Forward-thinking nurse leaders who are at the forefront of unit-level changes can help lead change throughout the organization.
The idea of making huge, institution-wide changes can seem daunting, even to the most seasoned nurse leader. That's why when Linda Talley, MS, BSN, RN, NE-BC, Vice President and CNO at Children's National Health System in Washington, DC, wanted to pilot LEAN initiatives, she started with units that she already knew were helped by people whom she calls "change agents."
"You want to look for your early adopters so they can pilot," Talley told me. "We knew we needed to have a unit that was already successful."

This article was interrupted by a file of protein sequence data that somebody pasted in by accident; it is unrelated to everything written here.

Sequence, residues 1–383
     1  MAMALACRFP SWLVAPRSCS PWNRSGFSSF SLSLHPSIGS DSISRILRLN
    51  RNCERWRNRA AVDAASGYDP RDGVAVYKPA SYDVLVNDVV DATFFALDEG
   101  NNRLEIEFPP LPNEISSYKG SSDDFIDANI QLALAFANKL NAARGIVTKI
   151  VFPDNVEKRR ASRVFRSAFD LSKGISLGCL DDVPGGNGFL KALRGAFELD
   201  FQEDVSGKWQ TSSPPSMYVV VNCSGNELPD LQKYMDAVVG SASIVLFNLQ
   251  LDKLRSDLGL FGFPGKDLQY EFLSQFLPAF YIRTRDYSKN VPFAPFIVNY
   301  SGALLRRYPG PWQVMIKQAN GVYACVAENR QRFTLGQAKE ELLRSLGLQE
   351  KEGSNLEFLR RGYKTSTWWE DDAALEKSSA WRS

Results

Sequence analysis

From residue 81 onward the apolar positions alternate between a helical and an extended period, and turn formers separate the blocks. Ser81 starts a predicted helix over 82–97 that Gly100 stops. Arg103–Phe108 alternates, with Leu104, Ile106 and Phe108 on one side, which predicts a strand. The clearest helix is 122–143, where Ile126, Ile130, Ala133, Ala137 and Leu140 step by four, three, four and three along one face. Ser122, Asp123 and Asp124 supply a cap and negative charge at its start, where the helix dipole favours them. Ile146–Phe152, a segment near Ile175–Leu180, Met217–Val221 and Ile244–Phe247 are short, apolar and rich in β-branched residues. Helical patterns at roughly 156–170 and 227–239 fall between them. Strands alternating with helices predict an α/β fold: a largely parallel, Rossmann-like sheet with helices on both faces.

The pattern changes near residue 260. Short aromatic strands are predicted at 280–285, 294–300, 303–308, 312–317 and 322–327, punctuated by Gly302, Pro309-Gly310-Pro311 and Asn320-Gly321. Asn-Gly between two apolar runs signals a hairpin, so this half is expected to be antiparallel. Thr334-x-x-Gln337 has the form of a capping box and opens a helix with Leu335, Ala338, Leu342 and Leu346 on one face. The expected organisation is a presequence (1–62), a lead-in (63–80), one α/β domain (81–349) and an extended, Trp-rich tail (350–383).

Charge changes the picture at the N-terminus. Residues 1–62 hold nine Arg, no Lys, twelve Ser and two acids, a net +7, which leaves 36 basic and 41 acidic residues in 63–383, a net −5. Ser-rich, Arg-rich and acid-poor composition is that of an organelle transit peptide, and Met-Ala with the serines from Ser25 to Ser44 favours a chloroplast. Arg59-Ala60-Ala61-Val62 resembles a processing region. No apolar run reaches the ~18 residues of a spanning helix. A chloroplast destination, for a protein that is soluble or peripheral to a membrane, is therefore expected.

Doing so not only ensures that the most forward-thinking nurse leaders are at the forefront of such changes, but also means that once the pilot is successfully completed, those forward-thinkers can help make institutional changes and "lead on behalf of the organization."
In the case of Children's National, some of those change agents are the nurses on its 7 East Medical Care Unit, which just received the Beacon Award for Excellence from the American Association of Critical-Care Nurses.
Alexandra Wilson Pecci is an editor for HealthLeaders.